“They have fallen off the face of the Earth,” Prouty said Monday morning before learning for sure they were dead. “Nobody knows where they are.”  On Monday afternoon, Chief Deputy Coroner Brunton confirmed the Toledo couple was dead and at the Lewis County Coroner’s Office. They’d been there since Wednesday, Brunton said.


“They were fabulous, she especially (was), putting everything back where it belonged,” Prouty said.  Not all of the victims’ family had been notified yet. Because of that, their names are being withheld.  Chehalis Mayor Spahr called the couple “nice people.” They had worked for the Spahrs for several months, he said.


Prouty said she was relieved to “have closure” with their deaths confirmed.  Rural Chehalis resident Jim Munier said the couple came to his house every other week. He got to be friends with them, even inviting them over for dinner with him and his wife.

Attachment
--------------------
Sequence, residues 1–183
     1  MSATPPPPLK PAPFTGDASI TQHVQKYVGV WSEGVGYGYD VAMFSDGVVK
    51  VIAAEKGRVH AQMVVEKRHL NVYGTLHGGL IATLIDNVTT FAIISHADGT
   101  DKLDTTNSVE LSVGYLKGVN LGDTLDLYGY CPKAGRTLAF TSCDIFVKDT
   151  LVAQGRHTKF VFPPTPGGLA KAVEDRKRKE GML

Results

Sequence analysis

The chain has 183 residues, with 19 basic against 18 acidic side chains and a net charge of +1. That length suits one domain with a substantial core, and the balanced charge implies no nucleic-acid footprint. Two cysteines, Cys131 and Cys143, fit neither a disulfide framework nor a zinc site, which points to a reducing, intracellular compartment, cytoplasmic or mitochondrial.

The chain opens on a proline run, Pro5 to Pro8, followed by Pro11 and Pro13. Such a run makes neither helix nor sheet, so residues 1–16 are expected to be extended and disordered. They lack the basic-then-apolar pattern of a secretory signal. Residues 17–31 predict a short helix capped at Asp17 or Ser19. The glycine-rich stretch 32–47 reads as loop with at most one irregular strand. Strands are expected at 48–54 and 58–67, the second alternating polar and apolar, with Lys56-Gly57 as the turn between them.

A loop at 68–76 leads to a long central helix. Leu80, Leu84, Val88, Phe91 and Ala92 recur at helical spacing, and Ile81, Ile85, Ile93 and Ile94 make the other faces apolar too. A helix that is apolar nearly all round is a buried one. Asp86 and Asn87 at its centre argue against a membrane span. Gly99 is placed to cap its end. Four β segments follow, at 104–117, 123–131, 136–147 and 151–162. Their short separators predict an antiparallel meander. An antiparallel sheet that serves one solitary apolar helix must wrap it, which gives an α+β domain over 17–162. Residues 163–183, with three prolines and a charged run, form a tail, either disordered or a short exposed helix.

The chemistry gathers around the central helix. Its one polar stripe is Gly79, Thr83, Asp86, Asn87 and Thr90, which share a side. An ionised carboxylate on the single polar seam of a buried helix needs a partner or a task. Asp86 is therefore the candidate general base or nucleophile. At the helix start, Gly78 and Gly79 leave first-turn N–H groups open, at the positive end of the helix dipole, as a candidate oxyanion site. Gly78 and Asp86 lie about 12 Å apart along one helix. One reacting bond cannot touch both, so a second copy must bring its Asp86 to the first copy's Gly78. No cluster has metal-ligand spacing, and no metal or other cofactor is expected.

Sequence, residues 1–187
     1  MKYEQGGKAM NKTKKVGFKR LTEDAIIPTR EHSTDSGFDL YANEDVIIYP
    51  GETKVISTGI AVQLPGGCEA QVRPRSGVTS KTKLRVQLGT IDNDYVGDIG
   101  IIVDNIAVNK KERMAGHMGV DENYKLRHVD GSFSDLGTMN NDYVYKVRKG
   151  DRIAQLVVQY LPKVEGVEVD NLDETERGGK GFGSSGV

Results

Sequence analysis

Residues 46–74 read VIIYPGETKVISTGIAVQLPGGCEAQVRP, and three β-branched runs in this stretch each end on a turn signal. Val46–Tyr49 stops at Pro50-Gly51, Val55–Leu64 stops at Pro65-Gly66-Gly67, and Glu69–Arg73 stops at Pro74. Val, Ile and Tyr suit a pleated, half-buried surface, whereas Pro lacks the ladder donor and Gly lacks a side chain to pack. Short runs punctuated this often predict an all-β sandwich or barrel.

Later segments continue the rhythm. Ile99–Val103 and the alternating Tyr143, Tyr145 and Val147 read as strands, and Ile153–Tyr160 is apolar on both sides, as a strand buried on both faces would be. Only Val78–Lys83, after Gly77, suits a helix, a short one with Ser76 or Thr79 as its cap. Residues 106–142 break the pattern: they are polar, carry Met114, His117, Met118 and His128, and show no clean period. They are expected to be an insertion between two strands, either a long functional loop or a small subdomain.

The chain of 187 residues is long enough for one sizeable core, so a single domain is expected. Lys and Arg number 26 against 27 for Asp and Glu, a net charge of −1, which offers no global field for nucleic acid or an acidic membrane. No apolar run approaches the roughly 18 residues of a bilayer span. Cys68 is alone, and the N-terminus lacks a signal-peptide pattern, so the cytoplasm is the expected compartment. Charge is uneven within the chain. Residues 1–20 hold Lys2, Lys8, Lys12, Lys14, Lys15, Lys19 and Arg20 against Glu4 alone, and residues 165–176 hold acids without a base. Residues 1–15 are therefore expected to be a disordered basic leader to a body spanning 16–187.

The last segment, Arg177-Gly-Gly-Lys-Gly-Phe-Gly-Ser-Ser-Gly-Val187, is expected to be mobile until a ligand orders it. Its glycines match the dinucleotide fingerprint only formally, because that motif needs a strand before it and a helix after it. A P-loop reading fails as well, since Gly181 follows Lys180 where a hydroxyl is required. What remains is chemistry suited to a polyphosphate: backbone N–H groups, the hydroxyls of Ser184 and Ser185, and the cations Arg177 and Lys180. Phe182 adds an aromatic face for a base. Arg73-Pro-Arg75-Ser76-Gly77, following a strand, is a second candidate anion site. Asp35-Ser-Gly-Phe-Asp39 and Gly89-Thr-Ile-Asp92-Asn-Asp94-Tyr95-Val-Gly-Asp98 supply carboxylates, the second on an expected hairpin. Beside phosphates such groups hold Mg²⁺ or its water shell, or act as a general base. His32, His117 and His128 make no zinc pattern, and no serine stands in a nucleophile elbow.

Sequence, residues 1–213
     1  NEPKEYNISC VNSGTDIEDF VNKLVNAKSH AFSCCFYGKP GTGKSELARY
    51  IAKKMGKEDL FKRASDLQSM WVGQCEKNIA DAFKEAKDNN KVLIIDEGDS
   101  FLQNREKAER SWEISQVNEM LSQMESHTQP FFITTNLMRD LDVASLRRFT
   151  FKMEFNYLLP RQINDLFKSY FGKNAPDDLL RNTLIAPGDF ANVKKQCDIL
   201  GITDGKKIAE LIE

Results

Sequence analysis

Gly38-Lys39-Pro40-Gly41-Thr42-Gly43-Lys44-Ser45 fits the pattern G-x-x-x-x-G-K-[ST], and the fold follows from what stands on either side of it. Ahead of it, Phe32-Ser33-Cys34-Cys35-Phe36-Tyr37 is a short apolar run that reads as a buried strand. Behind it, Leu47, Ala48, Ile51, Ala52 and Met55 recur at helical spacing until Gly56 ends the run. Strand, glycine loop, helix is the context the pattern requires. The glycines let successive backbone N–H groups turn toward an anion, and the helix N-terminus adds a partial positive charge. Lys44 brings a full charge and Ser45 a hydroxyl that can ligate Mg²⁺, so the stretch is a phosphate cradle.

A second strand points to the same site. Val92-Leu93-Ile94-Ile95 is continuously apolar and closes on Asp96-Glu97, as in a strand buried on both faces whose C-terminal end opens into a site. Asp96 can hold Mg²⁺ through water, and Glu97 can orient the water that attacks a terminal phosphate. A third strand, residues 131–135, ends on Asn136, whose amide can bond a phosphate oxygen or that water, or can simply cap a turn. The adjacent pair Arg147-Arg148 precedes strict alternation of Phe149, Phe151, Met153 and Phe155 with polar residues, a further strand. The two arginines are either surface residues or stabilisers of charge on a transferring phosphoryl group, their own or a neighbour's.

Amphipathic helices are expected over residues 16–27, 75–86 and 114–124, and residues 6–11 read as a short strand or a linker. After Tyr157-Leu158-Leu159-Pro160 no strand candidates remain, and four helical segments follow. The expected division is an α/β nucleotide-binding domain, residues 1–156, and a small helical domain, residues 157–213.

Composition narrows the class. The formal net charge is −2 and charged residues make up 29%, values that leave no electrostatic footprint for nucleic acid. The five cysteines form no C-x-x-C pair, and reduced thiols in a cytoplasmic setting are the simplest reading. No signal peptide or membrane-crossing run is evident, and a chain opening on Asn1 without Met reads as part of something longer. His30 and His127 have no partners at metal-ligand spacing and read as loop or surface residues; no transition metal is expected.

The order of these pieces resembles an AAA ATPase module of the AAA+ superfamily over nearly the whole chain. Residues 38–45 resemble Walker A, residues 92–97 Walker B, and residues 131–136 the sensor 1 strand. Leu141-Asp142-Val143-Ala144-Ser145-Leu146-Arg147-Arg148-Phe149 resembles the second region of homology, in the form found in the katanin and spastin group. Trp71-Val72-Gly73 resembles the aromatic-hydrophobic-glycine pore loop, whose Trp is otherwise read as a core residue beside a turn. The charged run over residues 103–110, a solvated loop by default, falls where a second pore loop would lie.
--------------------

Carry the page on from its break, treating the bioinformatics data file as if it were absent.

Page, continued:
“I hired him as a handy man,” the 74-year-old Munier said. “Every time I wanted something, they’d come over here.”  Munier called them “lovely people.” He said he helped them move from their home in Mossyrock down to Toledo.


The Saturday before last, Munier and his wife made coffee and cookies for the expected regular visit, but the couple didn’t show. He learned a few days ago they were dead, he said, but doesn’t know what happened.  “I can’t figure it out,” he said. “I’m up in a cloud here, you know what I mean?”


Sharyn L. Decker covers law enforcement and the courts for The Chronicle. She may be reached by e-mail at, or by telephoning 807-8235.



Wednesday, May 14, 2003



By Sharyn L. Decker


Neighbors and acquaintances of the Toledo couple found dead in an apparent double-suicide last week expressed surprise and dismay Tuesday as they learned more about the couple’s demise.  “They had us over for dinner, all they could talk about was how great life was. Business was good,” said Lon Chaney of Mossyrock, recounting a visit earlier this year with the pair.